Building fertile ground for data science in Uganda

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Supporting locally-driven data projects: the AI Research Group experience

There is growing activity and interest in data science on the African continent, but the field is still nascent. For it to develop, it is important to create an ecosystem in which organizations working on different projects can cross-pollinate ideas and share their experiences.

Pulse Lab Kampala works with forward-thinking partners from private and public sector, academia, and research institutions to strengthen local and regional capacity for integrating real-time solutions into programmes to support sustainable development. One of the Lab’s long-standing collaborations is with the Artificial Intelligence Research Group (AI Research Group), a group specialized in the application of artificial intelligence and data science to problems in the developing world. The group operates out of the College of Computing and Information Sciences at Makerere University in Kampala.

AI Research is comprised of 26 individuals who are specialized in the application of artificial intelligence and data science including, for example, the use of machine learning, computer vision and predictive analytics. The group was founded in 2009 by Dr. John Quinn, who now leads the data science team at Pulse Lab Kampala.

Data science tools to advance agricultural development

Applications developed by the group have been presented during workshops organized with Pulse Lab Kampala and have sparked the interest of various stakeholders, including Government agencies and UN partners. Below are two examples of tools using mobile data to advance agricultural development in Uganda.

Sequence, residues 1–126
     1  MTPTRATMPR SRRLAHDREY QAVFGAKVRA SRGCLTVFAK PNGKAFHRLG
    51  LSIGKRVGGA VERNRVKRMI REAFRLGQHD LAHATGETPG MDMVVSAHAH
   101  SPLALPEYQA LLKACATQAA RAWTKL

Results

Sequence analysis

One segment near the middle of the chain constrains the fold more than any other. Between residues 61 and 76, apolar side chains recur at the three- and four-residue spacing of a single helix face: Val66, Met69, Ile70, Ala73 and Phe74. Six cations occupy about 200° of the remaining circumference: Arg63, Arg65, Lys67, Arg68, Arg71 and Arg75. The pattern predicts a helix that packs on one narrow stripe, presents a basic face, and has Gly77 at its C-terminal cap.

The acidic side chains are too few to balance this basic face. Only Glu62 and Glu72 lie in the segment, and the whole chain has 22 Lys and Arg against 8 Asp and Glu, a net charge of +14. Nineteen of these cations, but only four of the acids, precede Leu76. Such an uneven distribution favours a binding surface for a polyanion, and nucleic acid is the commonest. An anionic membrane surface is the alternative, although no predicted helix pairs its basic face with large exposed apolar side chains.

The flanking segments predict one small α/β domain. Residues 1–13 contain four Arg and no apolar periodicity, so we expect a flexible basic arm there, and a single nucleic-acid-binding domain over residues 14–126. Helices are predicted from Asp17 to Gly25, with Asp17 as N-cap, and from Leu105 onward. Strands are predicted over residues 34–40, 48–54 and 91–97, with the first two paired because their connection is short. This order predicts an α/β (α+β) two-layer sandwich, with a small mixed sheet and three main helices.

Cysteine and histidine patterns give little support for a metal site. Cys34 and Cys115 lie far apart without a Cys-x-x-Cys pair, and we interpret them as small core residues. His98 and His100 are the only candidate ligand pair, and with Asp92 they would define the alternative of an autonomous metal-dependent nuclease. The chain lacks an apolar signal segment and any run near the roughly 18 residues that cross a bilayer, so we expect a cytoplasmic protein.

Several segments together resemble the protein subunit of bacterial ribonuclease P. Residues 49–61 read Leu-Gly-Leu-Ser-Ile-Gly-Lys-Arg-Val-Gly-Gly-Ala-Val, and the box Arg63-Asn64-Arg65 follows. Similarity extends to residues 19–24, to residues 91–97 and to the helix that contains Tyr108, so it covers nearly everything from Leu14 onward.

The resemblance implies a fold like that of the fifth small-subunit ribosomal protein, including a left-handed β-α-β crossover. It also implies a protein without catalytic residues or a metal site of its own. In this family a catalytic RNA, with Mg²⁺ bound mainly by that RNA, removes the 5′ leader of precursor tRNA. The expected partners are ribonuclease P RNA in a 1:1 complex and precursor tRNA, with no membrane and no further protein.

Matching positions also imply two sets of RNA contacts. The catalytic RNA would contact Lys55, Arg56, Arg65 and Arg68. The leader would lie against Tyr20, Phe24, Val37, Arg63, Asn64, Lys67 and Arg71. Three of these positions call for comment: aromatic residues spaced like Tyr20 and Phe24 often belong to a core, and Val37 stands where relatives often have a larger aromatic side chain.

One application developed by AI Research is a mobile auction market that links farmers to traders, called Kudu. Any farmer or trader anywhere in the country can send a message in the system using any type of phone. The application computationally matches best compatible buyers and sellers and informs them of who they have been matched with. By matching farmers and traders with the use of algorithms, challenges such as the inefficient flow of information, or dependency on intermediaries can be overcome. The system encourages competition in the market and limits unnecessary movement of both farmers and traders.

Another application developed by the AI Research Group is Mcrops, a diagnostic tool for diagnosing viral crop diseases in cassava plants. The tool processes images of cassava plants taken with a camera or smartphone in cassava fields and scans for crop diseases. Sick plants are flagged in real time, which allows farmers to take action and stop the spread of the disease.  The information can also be combined with spatial modelling to calculate the rate of the spread of the disease in real time.

Fostering collaboration and knowledge-sharing

Once a month, during the Lab’s data science seminars, experts from the AI Research Group share their latests application functionalities and brainstorm with participants. This is part of the Lab’s ongoing efforts to foster an ever growing network of passionate data scientists by reaching out to students and young people interested in the field.

Also, in collaboration with an even wider array of stakeholders including the AI Research Group, Pulse Lab Kampala hosted the second Data Science in Africa event in June of this year. Listen to presentations by the  developers of Kudu and Mcrops directly from the event.

The fruitful collaboration with the AI Research Group and Makerere University has further contributed to building a robust academic community with other institutions on the continent such as the Stellenbosch University in South Africa and the Dedan Kimathi University of Technology in Kenya.

This is an exciting time in Africa and we hope that such interventions continue to resonate with the broader global community in order to advance data science and analytics in support of the Sustainable Development Goals.

To receive invitations for the monthly data science seminars organized at the Lab, email:

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